If you have used marijuana in the past, whether it was for medical or recreational use, you have certainly felt the psychoactive effects of the drug. Given the multifaceted nature of marijuana’s effects, it is understandable that there is confusion surrounding its classification as a hallucinogen, stimulant, or depressant, as it has elements of each. To unravel this mystery, a closer look at marijuana’s effects is necessary.
This article will focus on explaining the differences between hallucinogens, stimulants, and depressants, the effects of marijuana, and the risks of marijuana use.
What is Marijuana?
Marijuana, also known as cannabis, weed, bud, or pot, is a psychoactive drug that comes from the leaves, seeds, or stems of the cannabis sativa plant. Marijuana is one of the most commonly used drugs in the United States, with 48.2 million people using it at least once in 2019. The effects of marijuana are a wide range, causing many people to wonder if marijuana is a hallucinogen, stimulant, or depressant.
What are Hallucinogens, Stimulants, and Depressants?
Before we can answer if marijuana is a hallucinogen, stimulant, or depressant, it’s important to understand the differences between the classifications. While many different substances exist worldwide, there are classifications to group together like substances. These classifications are hallucinogens, stimulants, and depressants.
Hallucinogens, or psychedelics, can cause psychoactive effects on the body, including altering your perception of reality or inducing hallucinations. This happens due to a change in how your nervous system communicates with your brain. Some common hallucinogens include:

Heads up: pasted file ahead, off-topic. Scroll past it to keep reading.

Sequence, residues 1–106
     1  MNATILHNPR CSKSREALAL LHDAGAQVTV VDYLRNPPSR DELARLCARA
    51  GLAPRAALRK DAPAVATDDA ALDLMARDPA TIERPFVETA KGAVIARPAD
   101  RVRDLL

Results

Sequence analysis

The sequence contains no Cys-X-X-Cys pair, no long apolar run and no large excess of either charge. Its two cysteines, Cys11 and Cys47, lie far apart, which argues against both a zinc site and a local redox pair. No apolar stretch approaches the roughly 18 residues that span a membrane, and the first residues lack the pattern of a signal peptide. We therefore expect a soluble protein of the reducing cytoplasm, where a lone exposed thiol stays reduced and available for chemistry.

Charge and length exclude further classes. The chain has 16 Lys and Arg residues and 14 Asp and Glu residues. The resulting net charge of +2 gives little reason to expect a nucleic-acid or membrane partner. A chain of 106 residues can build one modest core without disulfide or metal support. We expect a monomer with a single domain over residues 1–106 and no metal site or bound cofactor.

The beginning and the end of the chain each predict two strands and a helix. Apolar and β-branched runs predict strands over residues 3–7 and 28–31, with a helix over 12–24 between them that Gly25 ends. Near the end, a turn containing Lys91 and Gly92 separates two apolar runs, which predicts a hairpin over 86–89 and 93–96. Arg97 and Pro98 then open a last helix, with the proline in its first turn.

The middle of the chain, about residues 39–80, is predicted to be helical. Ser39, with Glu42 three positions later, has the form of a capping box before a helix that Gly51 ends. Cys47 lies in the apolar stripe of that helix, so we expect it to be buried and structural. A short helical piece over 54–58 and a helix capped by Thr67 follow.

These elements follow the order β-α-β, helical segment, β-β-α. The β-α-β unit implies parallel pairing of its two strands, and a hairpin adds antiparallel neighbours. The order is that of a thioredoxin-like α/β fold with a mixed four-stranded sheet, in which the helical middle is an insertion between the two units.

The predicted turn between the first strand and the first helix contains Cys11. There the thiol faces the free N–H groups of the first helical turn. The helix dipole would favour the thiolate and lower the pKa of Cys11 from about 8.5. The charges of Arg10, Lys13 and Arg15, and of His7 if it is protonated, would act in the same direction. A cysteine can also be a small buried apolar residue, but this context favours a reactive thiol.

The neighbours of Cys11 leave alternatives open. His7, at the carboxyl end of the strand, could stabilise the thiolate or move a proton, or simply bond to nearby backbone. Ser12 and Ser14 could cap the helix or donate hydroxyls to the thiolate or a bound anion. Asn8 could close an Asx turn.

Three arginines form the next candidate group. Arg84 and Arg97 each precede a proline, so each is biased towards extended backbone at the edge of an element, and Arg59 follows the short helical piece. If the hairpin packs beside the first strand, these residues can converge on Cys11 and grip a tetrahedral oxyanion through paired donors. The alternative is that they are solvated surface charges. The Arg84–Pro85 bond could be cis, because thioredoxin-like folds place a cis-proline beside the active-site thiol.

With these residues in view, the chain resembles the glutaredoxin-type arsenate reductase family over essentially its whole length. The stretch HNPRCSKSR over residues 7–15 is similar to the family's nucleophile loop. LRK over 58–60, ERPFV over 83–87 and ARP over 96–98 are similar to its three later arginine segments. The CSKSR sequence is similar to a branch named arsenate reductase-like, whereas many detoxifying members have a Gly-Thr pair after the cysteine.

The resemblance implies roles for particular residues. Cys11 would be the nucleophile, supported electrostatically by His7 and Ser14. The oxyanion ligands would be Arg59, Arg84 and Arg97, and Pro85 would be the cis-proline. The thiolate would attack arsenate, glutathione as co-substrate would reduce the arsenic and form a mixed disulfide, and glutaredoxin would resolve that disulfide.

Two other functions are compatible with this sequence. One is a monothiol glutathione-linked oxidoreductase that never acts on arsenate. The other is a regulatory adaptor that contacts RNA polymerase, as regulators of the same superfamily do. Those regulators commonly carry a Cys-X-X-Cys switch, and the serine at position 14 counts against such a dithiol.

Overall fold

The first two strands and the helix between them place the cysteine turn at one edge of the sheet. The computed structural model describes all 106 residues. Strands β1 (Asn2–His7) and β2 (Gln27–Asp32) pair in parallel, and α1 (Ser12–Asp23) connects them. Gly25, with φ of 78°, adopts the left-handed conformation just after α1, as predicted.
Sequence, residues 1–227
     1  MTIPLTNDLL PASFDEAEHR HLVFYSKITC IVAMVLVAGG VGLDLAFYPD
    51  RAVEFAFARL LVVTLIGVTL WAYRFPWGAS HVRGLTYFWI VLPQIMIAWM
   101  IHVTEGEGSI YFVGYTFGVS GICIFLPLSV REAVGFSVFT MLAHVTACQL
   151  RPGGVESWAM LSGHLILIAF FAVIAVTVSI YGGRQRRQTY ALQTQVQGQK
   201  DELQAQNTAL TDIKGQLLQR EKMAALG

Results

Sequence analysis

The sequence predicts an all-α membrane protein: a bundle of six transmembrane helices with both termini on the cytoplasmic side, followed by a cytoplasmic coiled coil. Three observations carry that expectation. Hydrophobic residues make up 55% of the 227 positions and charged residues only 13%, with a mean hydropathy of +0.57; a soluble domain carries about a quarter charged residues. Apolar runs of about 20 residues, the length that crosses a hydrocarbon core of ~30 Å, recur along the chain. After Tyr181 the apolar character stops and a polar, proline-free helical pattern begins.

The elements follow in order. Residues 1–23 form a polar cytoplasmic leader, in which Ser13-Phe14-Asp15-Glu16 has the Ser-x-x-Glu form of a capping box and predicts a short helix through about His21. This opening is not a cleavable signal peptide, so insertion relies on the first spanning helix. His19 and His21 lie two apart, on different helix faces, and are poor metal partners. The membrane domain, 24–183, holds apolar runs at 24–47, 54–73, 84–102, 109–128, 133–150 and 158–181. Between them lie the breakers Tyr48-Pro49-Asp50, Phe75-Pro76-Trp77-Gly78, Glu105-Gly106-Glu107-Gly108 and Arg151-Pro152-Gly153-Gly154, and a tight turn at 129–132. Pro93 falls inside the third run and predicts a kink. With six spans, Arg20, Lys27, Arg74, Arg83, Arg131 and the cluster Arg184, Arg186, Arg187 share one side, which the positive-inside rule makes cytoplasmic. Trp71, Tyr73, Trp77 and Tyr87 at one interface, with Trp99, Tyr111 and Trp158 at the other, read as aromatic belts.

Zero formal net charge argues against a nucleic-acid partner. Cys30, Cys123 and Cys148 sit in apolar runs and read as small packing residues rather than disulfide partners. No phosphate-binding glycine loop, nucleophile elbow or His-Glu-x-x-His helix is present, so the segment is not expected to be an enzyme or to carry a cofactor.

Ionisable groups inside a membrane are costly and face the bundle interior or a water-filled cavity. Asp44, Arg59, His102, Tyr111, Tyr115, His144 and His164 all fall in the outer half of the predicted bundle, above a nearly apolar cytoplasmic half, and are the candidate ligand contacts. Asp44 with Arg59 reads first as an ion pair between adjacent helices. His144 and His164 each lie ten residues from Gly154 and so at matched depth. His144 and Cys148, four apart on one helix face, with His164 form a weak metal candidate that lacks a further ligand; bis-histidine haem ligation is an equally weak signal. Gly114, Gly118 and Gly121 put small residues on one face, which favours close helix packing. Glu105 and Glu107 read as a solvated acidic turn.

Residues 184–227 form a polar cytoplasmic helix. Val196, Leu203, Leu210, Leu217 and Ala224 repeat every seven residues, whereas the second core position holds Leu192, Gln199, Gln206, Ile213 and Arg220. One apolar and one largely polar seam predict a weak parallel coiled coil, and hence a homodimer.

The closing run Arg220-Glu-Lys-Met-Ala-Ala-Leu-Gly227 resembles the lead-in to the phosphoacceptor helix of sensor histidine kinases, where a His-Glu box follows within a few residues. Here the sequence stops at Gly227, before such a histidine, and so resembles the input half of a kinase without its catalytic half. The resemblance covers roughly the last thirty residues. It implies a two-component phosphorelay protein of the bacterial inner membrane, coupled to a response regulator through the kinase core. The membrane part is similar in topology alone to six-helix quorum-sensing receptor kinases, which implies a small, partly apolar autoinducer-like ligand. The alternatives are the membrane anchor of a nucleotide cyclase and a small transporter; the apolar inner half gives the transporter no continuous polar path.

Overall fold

- Psilocybin, or magic mushrooms
Stimulants are substances that increase brain activity, leading to an increase in energy levels, an elevated mood, and enhanced alertness. Stimulants work by increasing the levels of dopamine in your brain, causing euphoric effects throughout the body. Some common stimulants can include:
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Depressants are the opposite of stimulants, slowing down the activity in the brain and the central nervous system. By doing this, they can cause feelings of relaxation and euphoria. While they can produce these calming effects, those who use depressants are at a higher risk of overdose. Some of the most common depressants include:
- Benzodiazepines, such as Xanax
Opiates are another form of drug classification that include substances typically used for pain relief. Since these are mostly prescription drugs and due to the opiate effects on the brain, marijuana would not classify as an opioid. Some common opioids are heroin, morphine, and oxycodone.
Is Marijuana a Hallucinogen?
Marijuana has the potential to cause symptoms associated with hallucinogens, stimulants, and depressants, making it difficult to classify.
Marijuana’s effects on individuals can vary widely, primarily due to the presence of the main component, tetrahydrocannabinol (THC), the psychoactive compound responsible for its mind-altering properties. This causes individuals to experience side effects that can align with hallucinogens, stimulants, and depressants. It’s also important to note that different strains of marijuana can cause different effects on individuals, making it even more difficult to categorize this drug.
To fully answer the question, ‘Is marijuana a hallucinogen?’ we need to discuss the differing effects of marijuana.
Hallucinogenic Effects of Marijuana
As stated previously, marijuana can produce psychoactive and euphoric feelings throughout the body. On top of this, marijuana can also cause hallucinations in some individuals. These hallucinogenic effects are mainly attributed to the presence of THC as it interacts with the cannabinoid receptors in the brain, resulting in a change in sensory perception, cognitive function, and emotion regulation. In addition to these effects, some individuals may experience:
- Auditory or visual hallucinations
- Tingling sensations throughout the body
- Nausea or vomiting
- Out-of-body experiences
Due to these effects, marijuana is sometimes considered a hallucinogen.
Stimulant Effects of Marijuana